- Output and order balances remain healthy
- Exports still strong, especially capital equipment, but UK market picks up
- European markets continue to drive export growth
- Manufacturers continue to recruit to meet capacity requirements
- Investment plans in positive territory
- Price increases take hold as companies rebuild margins
- Confidence indicators point to continued growth ahead
- Manufacturing forecasts upgraded for 2018
Britain’s manufacturers have begun 2018 in the same upbeat manner they left last year on the back of the continued improvement in global demand together with a pick-up in the UK market, according to a major survey published today by EEF, the manufacturers’ organisation and accountancy and business advisory firm BDO LLP.
According to the EEF/BDO Manufacturing Outlook Q1 survey, manufacturers are continuing to ignore the ongoing political uncertainty at home as improved global demand, from European and capital equipment markets in particular, continues to feed growth across most of the manufacturing supply chain.
According to the survey, two thirds of manufacturers saw the EU as offering good prospects for growth (59% in Q4 2018) with the next best markets of Asia and North America seen as supportive by around a quarter of companies.
As talks on Brexit loom, the clear and substantial importance of European markets to UK manufacturers, backs EEF’s view that it is essential the Government seeks an agreement with the EU which maintains trading arrangements as close as possible to those which currently exist.
The survey shows some balances have come off the multi-year highs seen in the second half of last year but output, orders, investment and recruitment all remain significantly above their long-run average. This strong performance, has led EEF to upgrade growth forecasts for manufacturing for this year with new forecasts for 2019 also indicating further expansion for manufacturing.
While 2017 saw good growth across manufacturing sub-sectors, with only a few exceptions (pharmaceuticals and rubber & plastics) a few clouds are appearing on the horizon for some industry segments. There are some signs that automotive and construction supply chains are seeing signs of weaker demand, leading to greater sector variation in performance this year and next.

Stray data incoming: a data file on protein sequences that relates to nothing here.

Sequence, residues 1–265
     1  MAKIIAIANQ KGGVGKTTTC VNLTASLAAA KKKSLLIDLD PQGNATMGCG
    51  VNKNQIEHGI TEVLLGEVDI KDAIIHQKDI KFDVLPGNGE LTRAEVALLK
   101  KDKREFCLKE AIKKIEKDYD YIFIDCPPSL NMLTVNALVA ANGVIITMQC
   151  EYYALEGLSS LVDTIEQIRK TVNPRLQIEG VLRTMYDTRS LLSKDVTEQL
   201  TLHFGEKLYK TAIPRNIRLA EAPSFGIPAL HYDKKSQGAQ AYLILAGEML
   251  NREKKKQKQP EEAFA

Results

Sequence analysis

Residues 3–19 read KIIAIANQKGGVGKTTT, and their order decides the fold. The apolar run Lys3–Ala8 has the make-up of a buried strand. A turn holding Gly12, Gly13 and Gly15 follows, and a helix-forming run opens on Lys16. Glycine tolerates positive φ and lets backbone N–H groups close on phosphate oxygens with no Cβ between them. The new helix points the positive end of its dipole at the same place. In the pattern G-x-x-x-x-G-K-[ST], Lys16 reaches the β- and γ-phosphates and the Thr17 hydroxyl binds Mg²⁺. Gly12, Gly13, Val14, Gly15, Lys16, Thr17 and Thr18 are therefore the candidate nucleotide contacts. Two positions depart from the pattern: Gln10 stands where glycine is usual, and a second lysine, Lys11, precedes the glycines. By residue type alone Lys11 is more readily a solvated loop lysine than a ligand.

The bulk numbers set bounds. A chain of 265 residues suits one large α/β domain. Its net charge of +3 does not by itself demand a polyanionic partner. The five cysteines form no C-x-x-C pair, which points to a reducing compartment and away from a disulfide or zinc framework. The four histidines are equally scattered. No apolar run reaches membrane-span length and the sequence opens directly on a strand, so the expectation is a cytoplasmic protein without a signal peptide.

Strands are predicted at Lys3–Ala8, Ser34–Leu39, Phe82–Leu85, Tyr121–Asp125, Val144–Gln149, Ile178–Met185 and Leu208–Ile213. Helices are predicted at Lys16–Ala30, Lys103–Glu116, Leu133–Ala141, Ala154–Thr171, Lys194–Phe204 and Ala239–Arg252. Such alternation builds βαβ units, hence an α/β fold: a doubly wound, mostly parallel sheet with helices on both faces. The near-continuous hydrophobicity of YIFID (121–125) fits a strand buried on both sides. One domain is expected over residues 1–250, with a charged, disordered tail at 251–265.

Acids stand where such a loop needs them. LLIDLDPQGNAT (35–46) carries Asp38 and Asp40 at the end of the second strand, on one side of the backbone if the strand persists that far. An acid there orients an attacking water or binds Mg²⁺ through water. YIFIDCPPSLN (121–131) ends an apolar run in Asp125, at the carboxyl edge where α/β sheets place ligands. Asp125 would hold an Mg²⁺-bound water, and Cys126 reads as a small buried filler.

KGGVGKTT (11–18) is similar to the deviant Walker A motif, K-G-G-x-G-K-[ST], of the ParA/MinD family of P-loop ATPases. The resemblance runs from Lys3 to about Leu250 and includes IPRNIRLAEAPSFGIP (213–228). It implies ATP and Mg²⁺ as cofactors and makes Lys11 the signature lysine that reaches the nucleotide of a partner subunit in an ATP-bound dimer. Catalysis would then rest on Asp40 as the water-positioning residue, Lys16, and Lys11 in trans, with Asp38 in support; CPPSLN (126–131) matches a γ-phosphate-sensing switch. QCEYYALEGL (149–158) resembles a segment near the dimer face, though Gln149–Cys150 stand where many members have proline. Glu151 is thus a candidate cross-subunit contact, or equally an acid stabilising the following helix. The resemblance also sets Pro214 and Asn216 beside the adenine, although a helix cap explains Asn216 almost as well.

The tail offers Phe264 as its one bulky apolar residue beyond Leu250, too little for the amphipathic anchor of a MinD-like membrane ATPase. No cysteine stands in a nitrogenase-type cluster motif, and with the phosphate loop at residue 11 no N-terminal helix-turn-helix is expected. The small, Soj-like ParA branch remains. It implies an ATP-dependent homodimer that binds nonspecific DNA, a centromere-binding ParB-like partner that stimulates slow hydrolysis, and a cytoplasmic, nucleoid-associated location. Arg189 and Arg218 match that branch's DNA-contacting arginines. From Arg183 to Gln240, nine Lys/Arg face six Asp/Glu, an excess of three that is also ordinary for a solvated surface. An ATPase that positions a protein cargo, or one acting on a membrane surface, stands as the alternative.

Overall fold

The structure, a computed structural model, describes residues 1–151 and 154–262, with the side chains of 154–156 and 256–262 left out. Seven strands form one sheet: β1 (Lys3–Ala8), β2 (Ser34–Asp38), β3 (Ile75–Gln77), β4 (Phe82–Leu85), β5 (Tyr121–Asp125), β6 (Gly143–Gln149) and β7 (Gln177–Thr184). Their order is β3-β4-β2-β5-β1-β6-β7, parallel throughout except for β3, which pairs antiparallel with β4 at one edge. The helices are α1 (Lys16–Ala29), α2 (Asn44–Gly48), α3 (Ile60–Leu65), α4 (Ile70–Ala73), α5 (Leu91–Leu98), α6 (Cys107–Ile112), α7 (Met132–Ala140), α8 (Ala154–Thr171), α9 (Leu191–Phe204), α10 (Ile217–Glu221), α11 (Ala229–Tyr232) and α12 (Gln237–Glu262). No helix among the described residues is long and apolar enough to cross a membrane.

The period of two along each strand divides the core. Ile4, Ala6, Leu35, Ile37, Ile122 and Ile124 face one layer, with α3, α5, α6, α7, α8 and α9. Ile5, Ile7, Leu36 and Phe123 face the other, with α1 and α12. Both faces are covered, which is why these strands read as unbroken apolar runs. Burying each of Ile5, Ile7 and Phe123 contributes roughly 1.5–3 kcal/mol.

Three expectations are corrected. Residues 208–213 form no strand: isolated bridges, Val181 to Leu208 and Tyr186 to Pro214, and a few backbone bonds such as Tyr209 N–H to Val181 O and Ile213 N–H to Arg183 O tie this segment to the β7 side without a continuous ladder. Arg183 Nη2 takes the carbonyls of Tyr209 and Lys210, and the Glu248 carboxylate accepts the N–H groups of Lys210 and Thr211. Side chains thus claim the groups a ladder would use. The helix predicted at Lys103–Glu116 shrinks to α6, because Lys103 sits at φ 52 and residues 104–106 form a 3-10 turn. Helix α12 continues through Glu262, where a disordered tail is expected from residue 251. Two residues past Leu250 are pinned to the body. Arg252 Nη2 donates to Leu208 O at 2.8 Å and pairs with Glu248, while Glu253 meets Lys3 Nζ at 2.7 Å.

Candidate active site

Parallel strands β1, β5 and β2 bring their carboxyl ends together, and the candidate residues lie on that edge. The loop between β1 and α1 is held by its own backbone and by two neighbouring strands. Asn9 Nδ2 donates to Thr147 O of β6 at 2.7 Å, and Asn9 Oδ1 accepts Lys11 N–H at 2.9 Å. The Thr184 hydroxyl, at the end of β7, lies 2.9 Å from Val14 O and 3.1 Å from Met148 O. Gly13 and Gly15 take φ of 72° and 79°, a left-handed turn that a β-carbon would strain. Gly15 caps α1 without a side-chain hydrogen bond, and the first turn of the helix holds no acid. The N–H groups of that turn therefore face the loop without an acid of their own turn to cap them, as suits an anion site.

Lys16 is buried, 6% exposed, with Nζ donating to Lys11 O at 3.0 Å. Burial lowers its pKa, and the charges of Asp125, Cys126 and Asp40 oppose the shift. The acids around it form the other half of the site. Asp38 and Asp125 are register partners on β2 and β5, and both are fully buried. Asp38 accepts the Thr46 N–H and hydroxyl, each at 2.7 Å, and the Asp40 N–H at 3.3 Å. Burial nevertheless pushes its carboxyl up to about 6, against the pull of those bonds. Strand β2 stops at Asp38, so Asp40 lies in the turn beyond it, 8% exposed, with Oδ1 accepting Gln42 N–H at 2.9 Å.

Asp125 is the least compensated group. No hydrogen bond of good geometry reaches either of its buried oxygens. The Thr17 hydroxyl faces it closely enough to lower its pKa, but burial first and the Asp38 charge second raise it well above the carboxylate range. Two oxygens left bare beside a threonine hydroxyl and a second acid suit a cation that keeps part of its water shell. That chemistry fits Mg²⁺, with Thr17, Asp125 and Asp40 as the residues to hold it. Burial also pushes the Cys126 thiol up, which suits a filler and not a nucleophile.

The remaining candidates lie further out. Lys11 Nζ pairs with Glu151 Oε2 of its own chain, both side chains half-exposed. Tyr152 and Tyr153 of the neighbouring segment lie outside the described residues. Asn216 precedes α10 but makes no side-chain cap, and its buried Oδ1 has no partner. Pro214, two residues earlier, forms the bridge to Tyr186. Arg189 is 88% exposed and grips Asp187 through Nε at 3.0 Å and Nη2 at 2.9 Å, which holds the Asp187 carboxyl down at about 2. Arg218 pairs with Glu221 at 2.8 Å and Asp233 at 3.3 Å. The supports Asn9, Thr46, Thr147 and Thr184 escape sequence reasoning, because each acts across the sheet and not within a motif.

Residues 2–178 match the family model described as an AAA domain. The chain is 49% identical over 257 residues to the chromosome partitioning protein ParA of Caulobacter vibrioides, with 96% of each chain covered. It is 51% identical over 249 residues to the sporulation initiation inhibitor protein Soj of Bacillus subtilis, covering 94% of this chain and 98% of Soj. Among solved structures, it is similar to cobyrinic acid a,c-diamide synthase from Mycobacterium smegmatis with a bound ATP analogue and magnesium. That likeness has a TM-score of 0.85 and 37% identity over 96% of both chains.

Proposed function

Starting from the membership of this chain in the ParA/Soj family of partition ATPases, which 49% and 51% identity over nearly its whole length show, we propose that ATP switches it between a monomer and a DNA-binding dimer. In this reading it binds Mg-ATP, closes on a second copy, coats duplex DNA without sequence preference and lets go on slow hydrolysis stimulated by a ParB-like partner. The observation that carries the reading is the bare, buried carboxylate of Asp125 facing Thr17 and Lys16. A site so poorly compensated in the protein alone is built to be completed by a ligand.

Commenting, Ms Lee Hopley, EEF Chief Economist, said:
“Manufacturing activity stepped up a gear through 2017 providing industry with some decent momentum coming into this year. The importance of a buoyant global economy to export-focused manufacturing sectors is again reinforced, with growing overseas demand encouraging international manufacturers to ramp up their investment which in turn is spurring particularly strong activity in UK capital goods sectors.
“While this will help top line growth in UK industry and the wider economy it’s also important that the global race to increase investment and adopt new technology is not one in which the UK is left behind. As the Chancellor sets out some thinking about longer term economic priorities in his Spring statement next week, manufacturers will want to see a focus on how the new industrial strategy can help cut through Brexit uncertainty and turbo-charge investment ambitions right across manufacturing supply chains.”
Commenting Tom Lawton, Partner and Head, BDO Manufacturing, said: